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Kentucky: Council on Postsecondary Education

2011-15 STRATEGIC AGENDA FOCUS ON RESEARCH, ECONOMIC AND COMMUNITY DEVELOPMENT: UPDATE ON POLICY OBJECTIVE 7

Goal: Kentucky will be stronger by generating new knowledge and research investments, producing high-demand degrees, increasing the educational attainment of its workforce, and improving its communities.

Policy Objective 7: Increase educational attainment and quality of life in Kentucky communities through regional stewardship, public service, and community outreach.

  • The Regional Stewardship Program, established in 2008, promotes regional and statewide workforce and economic development, livable communities, social inclusion, creative governance, and civic participation through public engagement activities initiated by comprehensive universities. Its purpose is to link the resources and knowledge of the universities to the needs and challenges of their respective regions. The program supports the development and maintenance of organizational structures, personnel, information systems, and community relationships; efforts to build intellectual capacity in targeted priority areas; and specific public engagement activities at the universities that improve economic prosperity, quality of life, and civic participation.

  • Project Graduate is a collaborative effort between the Council and the campuses to recruit and graduate former students still residing in Kentucky who have earned 80 or more credit hours from a Kentucky institution. The program was launched in November 2007, and the public universities began their outreach efforts in the spring 2008 term. Since that time, ten independent institutions have adopted the program. The program is meeting with considerable success. Since its start in 2007, over 600 students had earned their degrees at public institutions through Project Graduate, nearly 2,000 students have been or are currently in the program, and it has generated $7.5 million in tuition revenue for participating campuses.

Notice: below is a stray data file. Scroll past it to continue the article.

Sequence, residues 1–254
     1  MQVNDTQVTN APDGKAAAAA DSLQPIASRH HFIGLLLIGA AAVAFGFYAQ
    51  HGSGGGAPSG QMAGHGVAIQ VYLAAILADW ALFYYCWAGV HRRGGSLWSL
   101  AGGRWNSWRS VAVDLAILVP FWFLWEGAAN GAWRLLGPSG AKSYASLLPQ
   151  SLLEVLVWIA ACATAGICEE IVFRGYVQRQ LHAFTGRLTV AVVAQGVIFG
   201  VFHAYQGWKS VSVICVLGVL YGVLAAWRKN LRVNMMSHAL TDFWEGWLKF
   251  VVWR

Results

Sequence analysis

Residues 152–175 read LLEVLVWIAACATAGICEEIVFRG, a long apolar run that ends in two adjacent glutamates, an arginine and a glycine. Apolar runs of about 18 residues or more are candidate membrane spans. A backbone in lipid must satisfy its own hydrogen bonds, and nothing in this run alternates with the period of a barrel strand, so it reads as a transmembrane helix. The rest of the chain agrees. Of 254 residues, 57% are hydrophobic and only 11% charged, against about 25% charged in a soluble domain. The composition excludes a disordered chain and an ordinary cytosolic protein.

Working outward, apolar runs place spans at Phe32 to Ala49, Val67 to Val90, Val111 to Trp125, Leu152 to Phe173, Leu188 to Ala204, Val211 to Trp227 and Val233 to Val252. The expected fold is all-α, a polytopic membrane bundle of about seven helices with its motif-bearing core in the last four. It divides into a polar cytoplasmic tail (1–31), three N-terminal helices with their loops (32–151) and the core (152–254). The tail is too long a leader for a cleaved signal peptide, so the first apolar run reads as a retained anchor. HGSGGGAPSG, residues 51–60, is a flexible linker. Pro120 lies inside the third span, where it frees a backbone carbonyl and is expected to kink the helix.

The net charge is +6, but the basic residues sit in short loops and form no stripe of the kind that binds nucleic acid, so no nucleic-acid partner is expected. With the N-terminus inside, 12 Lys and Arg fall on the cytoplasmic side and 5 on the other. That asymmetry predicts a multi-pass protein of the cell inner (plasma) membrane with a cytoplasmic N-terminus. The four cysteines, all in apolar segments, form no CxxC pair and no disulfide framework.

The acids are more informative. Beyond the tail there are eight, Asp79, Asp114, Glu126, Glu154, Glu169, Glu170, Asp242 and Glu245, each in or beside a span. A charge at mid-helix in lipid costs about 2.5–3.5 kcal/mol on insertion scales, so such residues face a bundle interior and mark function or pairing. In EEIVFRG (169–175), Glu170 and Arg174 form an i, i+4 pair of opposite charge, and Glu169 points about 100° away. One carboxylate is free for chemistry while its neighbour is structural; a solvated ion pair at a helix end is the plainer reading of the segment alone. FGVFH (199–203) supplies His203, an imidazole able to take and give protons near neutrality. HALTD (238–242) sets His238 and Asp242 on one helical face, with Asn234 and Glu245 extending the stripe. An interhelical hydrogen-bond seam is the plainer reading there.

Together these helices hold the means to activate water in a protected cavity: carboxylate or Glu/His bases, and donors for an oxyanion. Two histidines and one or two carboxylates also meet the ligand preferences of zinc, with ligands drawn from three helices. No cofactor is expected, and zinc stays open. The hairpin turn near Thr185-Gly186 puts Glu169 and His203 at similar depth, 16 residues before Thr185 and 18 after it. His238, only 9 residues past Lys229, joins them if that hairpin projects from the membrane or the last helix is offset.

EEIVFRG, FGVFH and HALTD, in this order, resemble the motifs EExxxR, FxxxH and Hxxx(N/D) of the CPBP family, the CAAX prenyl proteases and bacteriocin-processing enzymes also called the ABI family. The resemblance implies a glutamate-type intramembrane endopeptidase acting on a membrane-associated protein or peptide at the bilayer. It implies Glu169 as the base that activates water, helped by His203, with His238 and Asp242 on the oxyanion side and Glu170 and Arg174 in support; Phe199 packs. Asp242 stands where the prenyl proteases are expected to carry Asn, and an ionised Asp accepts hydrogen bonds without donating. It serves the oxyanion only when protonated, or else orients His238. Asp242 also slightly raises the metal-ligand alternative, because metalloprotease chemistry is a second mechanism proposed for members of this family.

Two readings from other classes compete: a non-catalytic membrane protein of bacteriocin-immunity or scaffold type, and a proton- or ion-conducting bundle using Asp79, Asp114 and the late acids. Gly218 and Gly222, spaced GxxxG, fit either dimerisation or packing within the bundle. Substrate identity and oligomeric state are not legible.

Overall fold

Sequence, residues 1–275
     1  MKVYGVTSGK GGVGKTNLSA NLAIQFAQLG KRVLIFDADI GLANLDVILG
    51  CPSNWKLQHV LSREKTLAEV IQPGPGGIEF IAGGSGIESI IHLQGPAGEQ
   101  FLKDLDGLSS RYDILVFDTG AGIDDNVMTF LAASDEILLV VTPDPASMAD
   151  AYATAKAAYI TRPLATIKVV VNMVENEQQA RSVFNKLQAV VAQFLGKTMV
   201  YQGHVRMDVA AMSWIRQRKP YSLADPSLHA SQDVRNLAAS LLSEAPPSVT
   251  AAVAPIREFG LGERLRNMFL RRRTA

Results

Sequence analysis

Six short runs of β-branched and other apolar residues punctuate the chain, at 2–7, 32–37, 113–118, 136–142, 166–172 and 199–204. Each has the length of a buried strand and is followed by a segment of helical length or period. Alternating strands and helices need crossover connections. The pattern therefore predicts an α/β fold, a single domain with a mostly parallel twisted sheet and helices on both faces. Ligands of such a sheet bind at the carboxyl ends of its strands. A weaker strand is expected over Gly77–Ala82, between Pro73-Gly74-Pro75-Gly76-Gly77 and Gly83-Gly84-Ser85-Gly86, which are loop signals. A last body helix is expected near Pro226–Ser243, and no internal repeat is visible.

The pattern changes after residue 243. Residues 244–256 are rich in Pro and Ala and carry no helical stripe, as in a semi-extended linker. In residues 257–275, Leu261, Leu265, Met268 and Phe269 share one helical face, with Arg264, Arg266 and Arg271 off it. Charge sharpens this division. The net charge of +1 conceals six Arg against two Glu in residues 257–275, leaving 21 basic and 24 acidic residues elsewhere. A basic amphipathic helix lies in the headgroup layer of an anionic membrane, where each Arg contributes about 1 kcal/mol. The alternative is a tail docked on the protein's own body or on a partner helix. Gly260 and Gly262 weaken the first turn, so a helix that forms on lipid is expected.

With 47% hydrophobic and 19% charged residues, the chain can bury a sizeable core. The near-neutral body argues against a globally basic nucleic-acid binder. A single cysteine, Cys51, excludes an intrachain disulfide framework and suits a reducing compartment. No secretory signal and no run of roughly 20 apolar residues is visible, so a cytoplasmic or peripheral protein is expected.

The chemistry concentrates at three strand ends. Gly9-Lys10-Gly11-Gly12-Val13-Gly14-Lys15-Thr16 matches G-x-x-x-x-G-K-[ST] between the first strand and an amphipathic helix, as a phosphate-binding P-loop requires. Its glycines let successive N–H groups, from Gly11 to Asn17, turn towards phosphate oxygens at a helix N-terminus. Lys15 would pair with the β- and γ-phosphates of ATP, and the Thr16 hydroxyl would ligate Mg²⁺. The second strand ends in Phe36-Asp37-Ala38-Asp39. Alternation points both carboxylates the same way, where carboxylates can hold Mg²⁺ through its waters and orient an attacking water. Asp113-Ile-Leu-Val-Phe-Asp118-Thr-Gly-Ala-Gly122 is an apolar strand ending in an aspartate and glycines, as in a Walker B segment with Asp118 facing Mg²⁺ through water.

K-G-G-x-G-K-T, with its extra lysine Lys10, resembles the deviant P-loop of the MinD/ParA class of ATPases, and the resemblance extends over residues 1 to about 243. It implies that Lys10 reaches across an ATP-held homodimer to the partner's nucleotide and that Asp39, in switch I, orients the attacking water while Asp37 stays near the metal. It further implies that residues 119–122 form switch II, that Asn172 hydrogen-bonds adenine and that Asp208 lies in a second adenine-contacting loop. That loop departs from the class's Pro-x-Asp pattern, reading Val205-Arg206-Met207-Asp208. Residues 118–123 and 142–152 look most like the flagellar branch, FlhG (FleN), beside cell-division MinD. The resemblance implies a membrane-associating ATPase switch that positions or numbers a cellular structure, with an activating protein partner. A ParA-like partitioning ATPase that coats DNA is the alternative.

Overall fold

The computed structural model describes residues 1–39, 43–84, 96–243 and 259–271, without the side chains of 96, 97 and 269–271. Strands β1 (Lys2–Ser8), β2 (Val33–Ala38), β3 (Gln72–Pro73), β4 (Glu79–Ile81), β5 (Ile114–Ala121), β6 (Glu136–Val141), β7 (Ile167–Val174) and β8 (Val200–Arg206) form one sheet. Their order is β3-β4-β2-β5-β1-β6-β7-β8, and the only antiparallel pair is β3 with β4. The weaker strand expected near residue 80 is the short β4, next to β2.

• CPE’s proposed changes to the program approval process emphasize the need to tie academic programs to workforce needs in the state. The process requires all new programs to evaluate specific workforce demands for new program graduates as well as document available internships and clinical experience agreements.

  • The Kentucky Adult Learner Initiative was launched in 2007 with support from the Lumina Foundation for Education. This collaborative, statewide effort coordinated by CPE was charged with enhancing Kentucky’s workforce and improving individual opportunity by increasing the number of working-age adults with college degrees. An advisory board with representation from business, nonprofit organizations, education, and government drafted an initial set of recommendations, and funding was provided to institutions to develop more effective approaches to serving nontraditional students. The initiative led to a statewide review of policies that affect adult students and institutional plans to create or enhance adult-friendly policies and services. Discussions are ongoing regarding state level approaches to more effectively engaging adult learners in postsecondary education.

  • The Programs of Distinction (POD) initiative provided funding for prospective programs of national excellence at the comprehensive universities that address local, regional, and state needs, including workforce and economic development. The program received $6 million in 1997-98 and $6 million in each year of the 1998-2000 biennium. These funds were matched dollar-for-dollar by the institutions with external funds or through internal reallocation. The 1999-2000 funds were transferred to the base budgets of the institutions to provide a perpetual source of funding for POD programs.